Have Republicans Lost Sight of the Goal?

by Candace Salima, US Daily Review Contributor

As Republicans, we espouse the values and principles which made America great. We not only enjoy America being a beacon of hope and liberty to the world, we believe that the American Dream and the U.S. Constitution must be protected at the very cost of our lives, our fortunes and our sacred honor. There are many values and principles that make up those two precious American ideals, but three of them seem to be under attack in the GOP primary race.

Mitt Romney is the frontrunner, and as such, he has a big ol’ political bullseye on his forehead. However, I find myself quite disconcerted, and certainly disappointed, that the runners-up are attacking the very things that make America great. Let’s break it down and see what is happening in the race to be the next president of the United States of America.

First, perseverance, let’s take a look at this quality. Merriam Webster Dictionary defines perseverance as

: continued effort to do or achieve something despite difficulties, failure, or opposition : the action or condition or an instance of persevering : steadfastness.

But apparently this quality is now fodder for attacks on Mitt Romney as Newt Gingrich berates him for not giving up while running for office. In the past, as recently as five minutes ago, perseverance was not only a positive quality, it was one to cultivate in one’s self. But now it is a hiss and a byword as the runners-up jump on the bandwagon to try and bring Romney down by vilifying a quality we used to seek after. Perhaps Mr. Gingrich should look to the name he evokes so often, Ronald Reagan, because Mitt Romney merely employed the tactics used by Ronald Reagan when he won the presidency.

But let’s not dwell on that, let’s move on to capitalism, the very foundation of the business side of our nation. Going back to Merriam Webster, we find that capitalism is defined as:

: an economic system characterized by private or corporate ownership of capital goods, by investments that are determined by private decision, and by prices, production, and the distribution of goods that are determined mainly by competition in a free market

Free enterprise is what took this nation to the top as a super power. Capitalism is driven by private industry, not the federal government. And what happens when the federal government expands beyond its enumerated powers and responsibilities in Article 1, Section 8 of the U.S. Constitution? Free enterprise is slowly being choked off and replaced by government jobs, and what’s happened to our economy? It’s almost to its knees as debt and expenditures rise to critical levels and threaten to destroy what was once one of the strongest economies in the world. And yet Gingrich and the others attack Mitt Romney because of his time at Bain Capital, choosing to overlook the hundreds of successful companies and focusing only on a handful of failures. So apparently, capitalism is now a swearword to the GOP runners up.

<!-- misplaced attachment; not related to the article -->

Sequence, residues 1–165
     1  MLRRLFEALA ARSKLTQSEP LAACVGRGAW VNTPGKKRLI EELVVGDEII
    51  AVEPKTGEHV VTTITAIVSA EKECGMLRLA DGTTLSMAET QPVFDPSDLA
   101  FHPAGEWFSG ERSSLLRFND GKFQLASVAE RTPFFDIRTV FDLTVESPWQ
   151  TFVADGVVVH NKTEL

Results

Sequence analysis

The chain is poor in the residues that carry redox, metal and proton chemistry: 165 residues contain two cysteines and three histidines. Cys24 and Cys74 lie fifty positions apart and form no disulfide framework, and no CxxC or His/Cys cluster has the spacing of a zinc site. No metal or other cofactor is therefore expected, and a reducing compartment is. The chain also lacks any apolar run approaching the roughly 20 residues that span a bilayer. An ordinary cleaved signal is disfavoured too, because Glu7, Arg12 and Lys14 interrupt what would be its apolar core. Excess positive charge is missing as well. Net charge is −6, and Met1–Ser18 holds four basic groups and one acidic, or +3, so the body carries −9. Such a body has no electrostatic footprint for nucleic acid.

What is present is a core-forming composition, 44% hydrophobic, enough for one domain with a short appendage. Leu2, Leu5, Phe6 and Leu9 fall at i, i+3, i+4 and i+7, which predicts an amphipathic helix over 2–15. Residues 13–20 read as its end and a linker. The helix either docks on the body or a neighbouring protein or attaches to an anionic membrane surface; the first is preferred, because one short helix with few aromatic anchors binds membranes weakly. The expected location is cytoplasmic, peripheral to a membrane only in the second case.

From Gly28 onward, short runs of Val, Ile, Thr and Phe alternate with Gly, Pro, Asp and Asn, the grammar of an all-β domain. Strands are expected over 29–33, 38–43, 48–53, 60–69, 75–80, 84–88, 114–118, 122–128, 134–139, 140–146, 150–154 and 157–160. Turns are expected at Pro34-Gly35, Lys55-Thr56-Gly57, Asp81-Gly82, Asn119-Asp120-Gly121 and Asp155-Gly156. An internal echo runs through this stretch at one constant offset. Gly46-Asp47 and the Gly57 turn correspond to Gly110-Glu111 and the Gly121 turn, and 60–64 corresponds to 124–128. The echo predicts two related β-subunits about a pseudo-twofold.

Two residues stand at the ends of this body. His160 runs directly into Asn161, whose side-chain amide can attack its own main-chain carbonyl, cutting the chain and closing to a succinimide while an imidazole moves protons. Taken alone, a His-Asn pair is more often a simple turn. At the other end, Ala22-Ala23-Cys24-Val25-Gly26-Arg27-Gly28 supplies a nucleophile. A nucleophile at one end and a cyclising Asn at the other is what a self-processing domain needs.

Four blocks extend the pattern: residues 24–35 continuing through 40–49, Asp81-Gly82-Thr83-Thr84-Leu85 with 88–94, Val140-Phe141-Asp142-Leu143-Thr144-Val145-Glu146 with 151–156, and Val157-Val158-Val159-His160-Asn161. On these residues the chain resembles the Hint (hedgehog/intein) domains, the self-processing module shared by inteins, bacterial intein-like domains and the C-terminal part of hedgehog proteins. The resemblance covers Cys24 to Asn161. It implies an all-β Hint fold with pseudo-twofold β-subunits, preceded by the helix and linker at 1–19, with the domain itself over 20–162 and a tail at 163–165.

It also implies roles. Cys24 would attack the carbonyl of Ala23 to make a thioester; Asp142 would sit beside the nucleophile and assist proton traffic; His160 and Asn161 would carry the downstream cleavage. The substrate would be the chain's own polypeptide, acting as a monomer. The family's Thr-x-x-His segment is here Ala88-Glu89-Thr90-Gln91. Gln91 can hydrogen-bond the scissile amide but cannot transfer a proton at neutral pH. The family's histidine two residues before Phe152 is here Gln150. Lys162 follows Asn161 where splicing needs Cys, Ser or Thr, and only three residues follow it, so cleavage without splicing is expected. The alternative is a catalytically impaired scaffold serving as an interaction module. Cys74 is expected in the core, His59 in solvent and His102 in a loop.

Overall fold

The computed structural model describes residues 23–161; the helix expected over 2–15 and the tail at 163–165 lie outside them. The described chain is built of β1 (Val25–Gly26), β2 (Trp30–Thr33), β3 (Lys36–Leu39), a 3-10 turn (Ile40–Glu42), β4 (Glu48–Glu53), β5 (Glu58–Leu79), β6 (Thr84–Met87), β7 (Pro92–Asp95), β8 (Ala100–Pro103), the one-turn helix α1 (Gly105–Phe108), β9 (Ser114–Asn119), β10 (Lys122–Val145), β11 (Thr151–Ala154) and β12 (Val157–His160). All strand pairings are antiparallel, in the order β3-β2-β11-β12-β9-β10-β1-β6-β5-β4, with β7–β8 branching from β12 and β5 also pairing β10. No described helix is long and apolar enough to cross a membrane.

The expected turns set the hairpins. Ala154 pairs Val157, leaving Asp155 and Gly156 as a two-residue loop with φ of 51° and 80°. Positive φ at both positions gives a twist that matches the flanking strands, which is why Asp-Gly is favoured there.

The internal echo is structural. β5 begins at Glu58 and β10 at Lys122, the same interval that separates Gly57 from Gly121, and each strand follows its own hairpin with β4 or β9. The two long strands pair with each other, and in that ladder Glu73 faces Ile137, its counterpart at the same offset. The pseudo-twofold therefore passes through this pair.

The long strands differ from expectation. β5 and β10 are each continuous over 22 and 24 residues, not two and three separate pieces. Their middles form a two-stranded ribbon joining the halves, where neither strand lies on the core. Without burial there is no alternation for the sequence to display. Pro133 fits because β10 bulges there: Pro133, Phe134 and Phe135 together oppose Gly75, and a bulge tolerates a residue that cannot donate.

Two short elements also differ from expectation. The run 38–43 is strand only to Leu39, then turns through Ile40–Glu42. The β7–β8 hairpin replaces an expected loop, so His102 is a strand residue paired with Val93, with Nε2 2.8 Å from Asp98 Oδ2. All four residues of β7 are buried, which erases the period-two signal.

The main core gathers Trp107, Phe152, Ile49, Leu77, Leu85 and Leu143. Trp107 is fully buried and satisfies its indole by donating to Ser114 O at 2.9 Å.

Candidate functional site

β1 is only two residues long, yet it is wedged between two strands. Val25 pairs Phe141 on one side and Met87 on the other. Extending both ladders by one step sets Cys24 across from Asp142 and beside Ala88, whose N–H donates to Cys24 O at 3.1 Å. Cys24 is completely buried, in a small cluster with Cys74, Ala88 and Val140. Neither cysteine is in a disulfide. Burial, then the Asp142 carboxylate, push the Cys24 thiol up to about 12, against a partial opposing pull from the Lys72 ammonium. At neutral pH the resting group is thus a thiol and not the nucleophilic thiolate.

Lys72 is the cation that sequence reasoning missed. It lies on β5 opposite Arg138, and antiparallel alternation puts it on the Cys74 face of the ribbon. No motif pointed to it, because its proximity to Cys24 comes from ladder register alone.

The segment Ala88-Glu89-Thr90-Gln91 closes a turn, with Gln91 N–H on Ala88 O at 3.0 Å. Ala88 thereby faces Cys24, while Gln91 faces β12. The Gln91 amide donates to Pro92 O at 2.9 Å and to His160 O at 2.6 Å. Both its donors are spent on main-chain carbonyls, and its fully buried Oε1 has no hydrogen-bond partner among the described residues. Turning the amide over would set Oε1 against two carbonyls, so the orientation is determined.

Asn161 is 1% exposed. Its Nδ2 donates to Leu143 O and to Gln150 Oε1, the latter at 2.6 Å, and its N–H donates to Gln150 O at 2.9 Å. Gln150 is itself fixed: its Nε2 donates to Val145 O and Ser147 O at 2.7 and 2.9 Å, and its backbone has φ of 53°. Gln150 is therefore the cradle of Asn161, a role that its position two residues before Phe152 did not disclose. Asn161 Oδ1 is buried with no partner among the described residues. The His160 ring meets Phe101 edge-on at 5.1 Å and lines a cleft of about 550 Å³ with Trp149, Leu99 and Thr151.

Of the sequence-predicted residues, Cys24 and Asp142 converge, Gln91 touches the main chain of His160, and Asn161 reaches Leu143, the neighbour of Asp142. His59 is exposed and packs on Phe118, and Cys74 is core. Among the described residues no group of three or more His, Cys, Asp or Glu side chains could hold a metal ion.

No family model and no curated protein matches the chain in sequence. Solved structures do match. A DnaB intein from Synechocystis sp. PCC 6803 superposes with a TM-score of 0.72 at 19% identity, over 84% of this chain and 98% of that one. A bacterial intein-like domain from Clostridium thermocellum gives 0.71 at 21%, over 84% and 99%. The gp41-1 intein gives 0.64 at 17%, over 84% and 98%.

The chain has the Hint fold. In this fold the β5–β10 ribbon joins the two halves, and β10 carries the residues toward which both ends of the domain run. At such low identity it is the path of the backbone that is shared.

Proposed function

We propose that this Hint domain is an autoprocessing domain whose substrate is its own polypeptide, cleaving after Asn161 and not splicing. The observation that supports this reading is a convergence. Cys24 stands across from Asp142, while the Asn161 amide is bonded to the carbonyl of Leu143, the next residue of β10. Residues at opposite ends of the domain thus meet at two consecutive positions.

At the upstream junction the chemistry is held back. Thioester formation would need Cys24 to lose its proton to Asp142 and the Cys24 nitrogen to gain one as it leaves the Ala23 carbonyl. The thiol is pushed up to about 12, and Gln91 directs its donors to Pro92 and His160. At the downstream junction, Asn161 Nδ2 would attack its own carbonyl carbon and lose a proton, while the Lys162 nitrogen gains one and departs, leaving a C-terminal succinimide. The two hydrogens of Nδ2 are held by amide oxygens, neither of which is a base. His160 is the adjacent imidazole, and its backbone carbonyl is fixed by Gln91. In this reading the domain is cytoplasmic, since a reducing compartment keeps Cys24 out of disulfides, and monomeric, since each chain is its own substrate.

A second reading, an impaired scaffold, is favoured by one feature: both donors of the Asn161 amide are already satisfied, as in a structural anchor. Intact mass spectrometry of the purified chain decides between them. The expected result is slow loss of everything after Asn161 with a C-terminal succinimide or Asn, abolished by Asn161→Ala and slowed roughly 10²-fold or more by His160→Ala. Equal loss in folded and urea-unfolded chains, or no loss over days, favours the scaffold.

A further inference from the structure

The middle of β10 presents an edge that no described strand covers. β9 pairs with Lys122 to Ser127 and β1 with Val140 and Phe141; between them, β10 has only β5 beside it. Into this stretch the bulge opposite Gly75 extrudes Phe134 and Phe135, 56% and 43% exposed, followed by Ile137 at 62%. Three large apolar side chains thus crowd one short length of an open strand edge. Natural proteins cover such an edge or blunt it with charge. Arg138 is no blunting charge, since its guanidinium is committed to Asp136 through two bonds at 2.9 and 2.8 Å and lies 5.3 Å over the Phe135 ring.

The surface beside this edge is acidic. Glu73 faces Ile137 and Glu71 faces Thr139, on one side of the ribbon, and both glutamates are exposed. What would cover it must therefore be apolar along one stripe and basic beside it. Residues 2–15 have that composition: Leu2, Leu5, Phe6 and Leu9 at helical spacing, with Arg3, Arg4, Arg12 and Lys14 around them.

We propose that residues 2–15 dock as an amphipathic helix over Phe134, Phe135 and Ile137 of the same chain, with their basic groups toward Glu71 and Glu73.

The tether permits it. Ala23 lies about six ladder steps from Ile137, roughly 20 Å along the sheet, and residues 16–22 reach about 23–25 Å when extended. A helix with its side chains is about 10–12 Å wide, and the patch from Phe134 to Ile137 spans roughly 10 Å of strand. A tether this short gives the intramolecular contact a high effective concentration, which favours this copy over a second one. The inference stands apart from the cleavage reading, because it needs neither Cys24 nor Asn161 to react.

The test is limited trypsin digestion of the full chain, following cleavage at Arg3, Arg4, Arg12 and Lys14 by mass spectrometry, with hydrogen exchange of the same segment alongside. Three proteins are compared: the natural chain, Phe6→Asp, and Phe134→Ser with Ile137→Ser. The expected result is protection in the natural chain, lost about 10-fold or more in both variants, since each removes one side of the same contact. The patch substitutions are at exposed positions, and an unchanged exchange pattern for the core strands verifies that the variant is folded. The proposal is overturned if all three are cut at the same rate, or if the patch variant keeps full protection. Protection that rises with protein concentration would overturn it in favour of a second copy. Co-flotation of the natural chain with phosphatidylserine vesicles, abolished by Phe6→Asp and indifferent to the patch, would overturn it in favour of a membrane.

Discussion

And what is the next American ideal on the GOP presidential candidate chopping block? Oh yes, freedom to choose one’s healthcare provider, in this case, insurance company. Mitt Romney said he “loves to fire people who do not provide the quality services he’s paying for,” in the middle of a paragraph on insurance companies. Freedom to choose is one of the foundational principles of America, and yet, the GOP runners up have chosen to toss that onto the guillotine of government overreach, just to take Mitt Romney down.

Is it worth the vote to attack a candidate on perseverance, capitalism and freedom of choice in healthcare providers? Because that is what the Republican candidates are doing to Mitt Romney. What did I say about not poisoning the well? These campaigns need to sit back, reassess, and consider if they are further eroding the greatness of America for personal gain.

Candace E. Salima is a radio talk show host, author, columnist, and makes her home in the Rocky Mountains. Learn more about her at www.CandaceSalima.com.

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All opinions expressed on USDR are those of the author and not necessarily those of US Daily Review.

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